It had taken the two boys an hour of hot, dirty struggle to grapple the last piece of aluminum up the slippery hillside to where they were building the glider. Finally, standing together, the rising sun revealing the glistening sweat on their bodies, they looked down at their encampment far below.
The cross where their mother was buried could clearly be seen, but the hut where their injured father lay in pain was still hidden in shadows. As their breathing slowed, they turned to each other, nodded, smiled, and then turned towards what they hoped would carry them off the deserted island.
The glider had been their father’s idea. He had built the yacht that the family was sailing the South Seas on when it wrecked against the reef surrounding their little island that wasn’t on the charts. Their father had survived, as had the two boys, but their mother hadn’t.
And for the first few weeks, as their father lay in pain from his back injuries, the two boys had scoured the island for food and water. When they told him one evening that they had discovered a wrecked airplane not far from their campsite, he got excited and asked them all sorts of questions about the debris. The next day he got them together and told them about his idea, using a stick in the sand to explain how it might work.
His idea was to use the salvaged material from the plane wreck to build a glider high up on the little island’s main hill. Their father had been on watch the night they stranded on the reef and he knew that they had passed an inhabited island some twenty-five miles to the southwest sometime during the night. There was a chance, a slight one, that under the right conditions, one of the boys could fly a glider that far, land it and bring rescuers back. He told them that flying a glider wasn’t that much different than sailing a sloop and each day when the boys returned to the campsite from their construction duties, he would explain how he thought it could be done. He even fashioned a scale model of the glider out of driftwood and palm fronds to use in his flying lessons. He used a small rock to represent the weight of the pilot.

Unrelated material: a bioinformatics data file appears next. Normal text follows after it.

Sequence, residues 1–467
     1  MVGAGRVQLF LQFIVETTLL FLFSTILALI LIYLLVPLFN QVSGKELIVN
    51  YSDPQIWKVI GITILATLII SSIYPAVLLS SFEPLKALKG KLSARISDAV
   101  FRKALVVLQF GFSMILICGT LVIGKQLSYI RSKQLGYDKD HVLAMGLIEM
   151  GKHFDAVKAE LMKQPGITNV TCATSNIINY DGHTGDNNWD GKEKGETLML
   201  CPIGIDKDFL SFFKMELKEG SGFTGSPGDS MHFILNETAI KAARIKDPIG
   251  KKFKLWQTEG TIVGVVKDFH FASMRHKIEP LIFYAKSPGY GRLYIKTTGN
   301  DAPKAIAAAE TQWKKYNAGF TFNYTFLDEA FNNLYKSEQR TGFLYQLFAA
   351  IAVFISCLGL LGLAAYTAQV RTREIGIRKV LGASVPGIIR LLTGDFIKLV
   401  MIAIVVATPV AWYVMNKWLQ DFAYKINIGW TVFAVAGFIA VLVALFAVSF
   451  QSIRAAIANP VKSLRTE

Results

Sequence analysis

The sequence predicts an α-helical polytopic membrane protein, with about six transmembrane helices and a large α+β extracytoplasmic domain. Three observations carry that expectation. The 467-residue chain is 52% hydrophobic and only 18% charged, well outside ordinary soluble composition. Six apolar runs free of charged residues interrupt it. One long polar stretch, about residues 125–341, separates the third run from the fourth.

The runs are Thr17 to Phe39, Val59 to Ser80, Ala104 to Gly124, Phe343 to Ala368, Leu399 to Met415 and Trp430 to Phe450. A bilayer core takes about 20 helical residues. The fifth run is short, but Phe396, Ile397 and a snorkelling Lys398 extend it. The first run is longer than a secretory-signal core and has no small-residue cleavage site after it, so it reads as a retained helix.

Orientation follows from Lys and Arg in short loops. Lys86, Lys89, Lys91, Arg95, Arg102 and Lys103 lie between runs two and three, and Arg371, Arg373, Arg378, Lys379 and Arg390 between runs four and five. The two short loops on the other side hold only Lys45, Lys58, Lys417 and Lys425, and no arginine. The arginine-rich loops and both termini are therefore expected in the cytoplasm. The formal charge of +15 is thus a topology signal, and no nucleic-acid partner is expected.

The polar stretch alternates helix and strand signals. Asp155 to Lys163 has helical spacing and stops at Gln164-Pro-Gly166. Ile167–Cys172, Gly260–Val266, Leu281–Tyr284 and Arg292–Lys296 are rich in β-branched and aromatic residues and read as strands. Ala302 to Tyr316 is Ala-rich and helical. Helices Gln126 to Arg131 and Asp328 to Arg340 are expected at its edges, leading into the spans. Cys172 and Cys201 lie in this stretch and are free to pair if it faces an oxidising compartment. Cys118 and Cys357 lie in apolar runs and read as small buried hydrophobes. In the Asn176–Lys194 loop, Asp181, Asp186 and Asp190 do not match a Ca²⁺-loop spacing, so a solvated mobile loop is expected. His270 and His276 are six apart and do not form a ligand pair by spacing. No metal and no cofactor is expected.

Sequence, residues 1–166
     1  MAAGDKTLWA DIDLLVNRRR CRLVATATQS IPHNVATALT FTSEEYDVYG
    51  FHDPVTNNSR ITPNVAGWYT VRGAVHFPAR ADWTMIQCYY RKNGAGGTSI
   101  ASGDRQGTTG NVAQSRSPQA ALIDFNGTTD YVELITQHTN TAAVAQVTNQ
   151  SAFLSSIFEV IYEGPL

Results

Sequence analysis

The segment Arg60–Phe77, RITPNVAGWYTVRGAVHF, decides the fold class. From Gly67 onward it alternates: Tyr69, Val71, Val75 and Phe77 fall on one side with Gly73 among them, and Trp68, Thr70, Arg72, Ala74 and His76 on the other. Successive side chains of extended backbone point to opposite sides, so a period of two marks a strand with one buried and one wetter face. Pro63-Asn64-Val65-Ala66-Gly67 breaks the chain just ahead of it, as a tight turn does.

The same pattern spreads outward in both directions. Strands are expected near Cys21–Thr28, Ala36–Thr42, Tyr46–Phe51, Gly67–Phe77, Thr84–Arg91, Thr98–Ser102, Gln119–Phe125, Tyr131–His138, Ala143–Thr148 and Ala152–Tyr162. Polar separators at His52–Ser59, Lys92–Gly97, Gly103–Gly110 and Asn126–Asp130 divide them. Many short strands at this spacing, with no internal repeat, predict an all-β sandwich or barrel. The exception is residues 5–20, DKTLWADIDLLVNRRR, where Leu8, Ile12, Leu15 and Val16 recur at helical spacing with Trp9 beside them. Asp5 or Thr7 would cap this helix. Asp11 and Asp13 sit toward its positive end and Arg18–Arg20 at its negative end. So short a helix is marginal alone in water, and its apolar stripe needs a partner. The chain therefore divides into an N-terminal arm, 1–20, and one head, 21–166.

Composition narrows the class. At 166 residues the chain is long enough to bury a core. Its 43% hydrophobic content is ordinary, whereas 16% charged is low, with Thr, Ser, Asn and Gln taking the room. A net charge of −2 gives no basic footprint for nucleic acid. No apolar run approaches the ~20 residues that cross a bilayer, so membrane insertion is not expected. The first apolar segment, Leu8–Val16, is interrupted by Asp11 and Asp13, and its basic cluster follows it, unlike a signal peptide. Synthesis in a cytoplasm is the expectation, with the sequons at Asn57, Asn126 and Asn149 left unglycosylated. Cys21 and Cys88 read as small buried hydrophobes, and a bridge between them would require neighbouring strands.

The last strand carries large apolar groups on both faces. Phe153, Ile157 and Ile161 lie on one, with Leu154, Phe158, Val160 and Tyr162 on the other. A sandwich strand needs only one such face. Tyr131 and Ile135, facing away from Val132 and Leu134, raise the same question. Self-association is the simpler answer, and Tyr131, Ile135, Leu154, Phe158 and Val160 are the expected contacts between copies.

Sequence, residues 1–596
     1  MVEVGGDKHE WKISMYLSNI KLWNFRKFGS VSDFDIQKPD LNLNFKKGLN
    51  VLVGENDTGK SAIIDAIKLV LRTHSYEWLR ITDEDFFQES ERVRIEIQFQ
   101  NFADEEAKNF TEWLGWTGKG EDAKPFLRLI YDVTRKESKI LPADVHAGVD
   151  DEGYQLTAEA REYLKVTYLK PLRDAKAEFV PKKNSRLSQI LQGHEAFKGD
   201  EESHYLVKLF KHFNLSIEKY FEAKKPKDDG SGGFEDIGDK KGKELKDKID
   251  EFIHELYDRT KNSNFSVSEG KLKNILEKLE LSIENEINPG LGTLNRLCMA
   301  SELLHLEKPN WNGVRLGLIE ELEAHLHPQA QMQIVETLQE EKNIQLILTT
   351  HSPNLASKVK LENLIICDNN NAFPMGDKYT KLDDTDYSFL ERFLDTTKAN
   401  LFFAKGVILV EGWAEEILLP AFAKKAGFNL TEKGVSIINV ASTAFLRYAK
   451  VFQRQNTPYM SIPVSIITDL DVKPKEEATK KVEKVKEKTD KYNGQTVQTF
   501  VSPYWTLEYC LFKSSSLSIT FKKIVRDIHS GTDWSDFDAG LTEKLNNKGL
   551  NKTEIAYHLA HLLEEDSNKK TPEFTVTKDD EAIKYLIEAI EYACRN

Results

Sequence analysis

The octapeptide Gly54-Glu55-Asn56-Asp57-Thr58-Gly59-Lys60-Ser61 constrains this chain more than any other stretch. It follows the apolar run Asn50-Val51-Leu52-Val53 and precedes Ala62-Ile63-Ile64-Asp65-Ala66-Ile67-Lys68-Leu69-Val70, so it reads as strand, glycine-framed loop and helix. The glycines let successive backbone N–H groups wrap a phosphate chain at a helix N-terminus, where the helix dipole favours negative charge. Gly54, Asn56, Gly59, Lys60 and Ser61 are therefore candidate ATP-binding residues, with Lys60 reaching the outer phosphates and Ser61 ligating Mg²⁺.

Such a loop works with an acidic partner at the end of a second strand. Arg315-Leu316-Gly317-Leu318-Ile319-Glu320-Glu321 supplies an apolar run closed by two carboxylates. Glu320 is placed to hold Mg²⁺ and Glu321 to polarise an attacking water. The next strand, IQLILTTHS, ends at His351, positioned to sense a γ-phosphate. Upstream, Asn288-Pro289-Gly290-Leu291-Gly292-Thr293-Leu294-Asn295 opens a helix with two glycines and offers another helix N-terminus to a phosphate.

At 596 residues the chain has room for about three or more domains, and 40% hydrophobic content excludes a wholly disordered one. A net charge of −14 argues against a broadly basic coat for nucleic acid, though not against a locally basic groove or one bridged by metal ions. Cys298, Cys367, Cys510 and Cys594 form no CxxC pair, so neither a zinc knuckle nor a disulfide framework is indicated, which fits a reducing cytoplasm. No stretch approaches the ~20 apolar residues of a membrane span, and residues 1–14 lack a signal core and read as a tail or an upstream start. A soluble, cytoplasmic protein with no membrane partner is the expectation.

Their father was an uneducated mechanical genius. He could build and fix anything using whatever was available at the time. So the boys knew that the glider would fly and they named it ‘Maureen’ after their mother whose grave was behind the campsite. And while neither of the boys had inherited their father’s innate skills, they could follow instructions and they both had his competitive drive, which showed up from time to time .
“Dad, I figure that I’m the one who’ll fly ‘Maureen’, right?” the older one asked one evening around the fire. “I mean, it just goes to figure. I’m older and more experienced. Not by a lot, but whoever flies will need every edge he can get.”
The younger one was mature beyond his years so he didn’t respond right away. He wanted to give his father a chance to respond to his brother’s argument before putting in his two cents worth. The father, in great pain from is injuries, propped himself up the best he could and explained, “Your brother weighs a lot less than you. And he’s stronger in his upper body than you and he was always the better sailor. He’ll be doing the flying.” And that was that. The subject never came up again.
Their father brought them together late that one afternoon after they told him the glider was finished. He grilled them hard about how each joint had been fashioned, about the exact dimensions of the wing, and about how much they thought the damn thing weighed. Then, flopping back down on his makeshift bed, he explained to the younger boy, “You go tomorrow at dawn. The weather conditions will be in our favor. Get some sleep. I’ll wake you up when it’s time, boys. And remember to watch the birds!”
He didn’t wake them. Sometime during the night, he died without a sound. They woke up late and immediately knew something was wrong. They buried their father that morning next to their mother and then sat down together on the log next to the campfire. They didn’t say a word for quite a while until the younger boy reached out and grabbed his brother’s hand and told him emotionally, “I’ll fly the glider, but we’re both going. I’m not leaving you behind.”
The older boy reached down for the model glider their father had built and held it in his hands for a moment as he put the stone that was supposed to represent his brother’s weight under its wing. Then, he picked up a slightly larger stone, added it to the wing, stood and launched the model into the wind towards the beach.
Both boys watched intently as the small glider struggled and wobbled into the onshore wind. It would rise for a moment, then drop down as if to crash, then suddenly rise again, wobble some more until it cleared the shore break and slowly flew on its own gaining some altitude until they couldn’t see it anymore.
With that, the boys rose and without looking back started up the hill together.